The Portuguese
Discovery of the New Sea Route The Cape route, a new all-sea route was
discovered from Europe to India by Vasco da Gama. He reached the port of
Calicut on the May 17, 1498, and was received warmly by the Hindu ruler of
Calicut (known by the title of Zamorin). He returned to Portugal in 1499.
Arrival of Cabral The arrival of Pedro Alvarez Cabral in India in 1500
and the second trip of Vasco da Gama in 1502 led to the establishment of
trading stations at Calicut, Cochin and Cannanore. Cochin was the early
capital of the Portuguese in India. Later Goa replaced it.
Arrival of Albuquerque Alfonso de Albuquerque arrived in India in 1503
as the commander of a squadron, and was appointed governor of the
Portuguese in India in 1509 (Albuquerque was the second Portuguese
governor in India, the first being Francisco de Almeida between 1505–09).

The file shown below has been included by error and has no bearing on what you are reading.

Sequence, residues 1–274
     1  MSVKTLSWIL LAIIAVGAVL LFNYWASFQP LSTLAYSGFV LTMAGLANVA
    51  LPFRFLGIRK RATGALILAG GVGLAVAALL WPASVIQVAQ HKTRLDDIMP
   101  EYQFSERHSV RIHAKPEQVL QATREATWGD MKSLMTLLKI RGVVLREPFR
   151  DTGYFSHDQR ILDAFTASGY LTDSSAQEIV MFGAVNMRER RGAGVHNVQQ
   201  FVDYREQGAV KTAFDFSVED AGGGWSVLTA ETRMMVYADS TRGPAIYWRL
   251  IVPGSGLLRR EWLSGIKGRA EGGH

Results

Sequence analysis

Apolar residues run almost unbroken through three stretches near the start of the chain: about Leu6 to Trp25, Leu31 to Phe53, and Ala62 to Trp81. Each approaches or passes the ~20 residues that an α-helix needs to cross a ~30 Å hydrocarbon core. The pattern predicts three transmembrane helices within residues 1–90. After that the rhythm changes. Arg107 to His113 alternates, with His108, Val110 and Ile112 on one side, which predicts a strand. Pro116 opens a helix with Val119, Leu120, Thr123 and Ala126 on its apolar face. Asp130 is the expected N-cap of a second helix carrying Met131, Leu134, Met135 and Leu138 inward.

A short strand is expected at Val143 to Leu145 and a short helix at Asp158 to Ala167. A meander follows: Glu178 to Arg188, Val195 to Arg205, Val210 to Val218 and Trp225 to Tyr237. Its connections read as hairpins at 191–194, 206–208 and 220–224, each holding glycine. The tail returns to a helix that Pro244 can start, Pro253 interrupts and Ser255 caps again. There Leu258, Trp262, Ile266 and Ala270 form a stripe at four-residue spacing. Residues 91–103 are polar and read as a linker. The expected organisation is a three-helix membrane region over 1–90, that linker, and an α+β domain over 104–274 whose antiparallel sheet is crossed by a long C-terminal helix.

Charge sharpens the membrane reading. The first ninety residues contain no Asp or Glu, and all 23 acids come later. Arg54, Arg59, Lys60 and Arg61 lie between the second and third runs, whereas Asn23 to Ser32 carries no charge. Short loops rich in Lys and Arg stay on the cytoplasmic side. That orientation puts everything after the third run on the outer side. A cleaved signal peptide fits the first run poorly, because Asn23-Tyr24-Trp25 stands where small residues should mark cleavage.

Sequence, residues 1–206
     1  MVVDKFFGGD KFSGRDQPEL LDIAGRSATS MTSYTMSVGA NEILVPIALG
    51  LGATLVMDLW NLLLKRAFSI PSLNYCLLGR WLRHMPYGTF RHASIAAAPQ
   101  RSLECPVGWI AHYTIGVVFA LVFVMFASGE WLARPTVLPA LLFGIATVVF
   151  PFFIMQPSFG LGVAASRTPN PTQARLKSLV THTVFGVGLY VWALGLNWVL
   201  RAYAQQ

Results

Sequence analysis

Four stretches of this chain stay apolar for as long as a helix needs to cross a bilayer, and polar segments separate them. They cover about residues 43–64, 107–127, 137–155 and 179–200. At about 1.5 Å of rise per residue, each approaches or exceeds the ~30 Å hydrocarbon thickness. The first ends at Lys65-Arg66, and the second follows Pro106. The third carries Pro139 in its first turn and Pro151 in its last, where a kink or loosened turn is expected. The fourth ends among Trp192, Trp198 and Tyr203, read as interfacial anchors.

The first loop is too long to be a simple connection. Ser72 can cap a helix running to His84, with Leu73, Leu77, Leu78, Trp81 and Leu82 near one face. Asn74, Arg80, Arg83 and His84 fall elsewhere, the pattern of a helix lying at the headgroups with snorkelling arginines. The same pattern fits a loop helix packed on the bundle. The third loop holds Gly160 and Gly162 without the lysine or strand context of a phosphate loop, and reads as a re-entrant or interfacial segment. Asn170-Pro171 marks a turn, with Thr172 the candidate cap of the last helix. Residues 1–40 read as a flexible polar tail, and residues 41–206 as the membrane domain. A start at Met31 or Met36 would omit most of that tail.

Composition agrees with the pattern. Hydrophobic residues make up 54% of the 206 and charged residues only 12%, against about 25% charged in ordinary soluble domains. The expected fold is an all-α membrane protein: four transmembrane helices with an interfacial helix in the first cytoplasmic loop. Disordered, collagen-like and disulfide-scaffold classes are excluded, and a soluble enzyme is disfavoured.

He captured Goa from the ruler of Bijapur in 1510. Albuquerque encouraged
his countrymen to marry Indian wives but persecuted Muslims. He died in
1515 leaving the Portuguese as the strongest naval power in India.
Other Governors Other important governors were Nino da Cunha (1529–
38), who transferred his capital from Cochin to Goa (1530) and acquired Diu
and Bassein (1534) from Bahadur Shah of Gujarat, and Martin Alfonso de
Souza (1542–45). The famous Jesuit saint Francisco Xavier arrived in India
with him.
Establishment of Settlements The successors of Albuquerque established
settlements at Daman, Salsette, Chaul and Bombay on the western coast, and
at Sari Thome near Madras and Hugli in Bengal.
Decline of the Portuguese The Portuguese power witnessed a decline by
the end of the 16th century and gradually lost many of their settlements in
India:
They lost Hugli in 1631 when they were driven out by Qasim Khan, a
Mughal noble.
In 1661 the king of Portugal gave Bombay to Charles II of England as dowry
when he married the farmer’s sister.
The Marathas captured Salsette and Bassein in 1739.
In the end they were left only with   Goa, Diu and Daman which they retained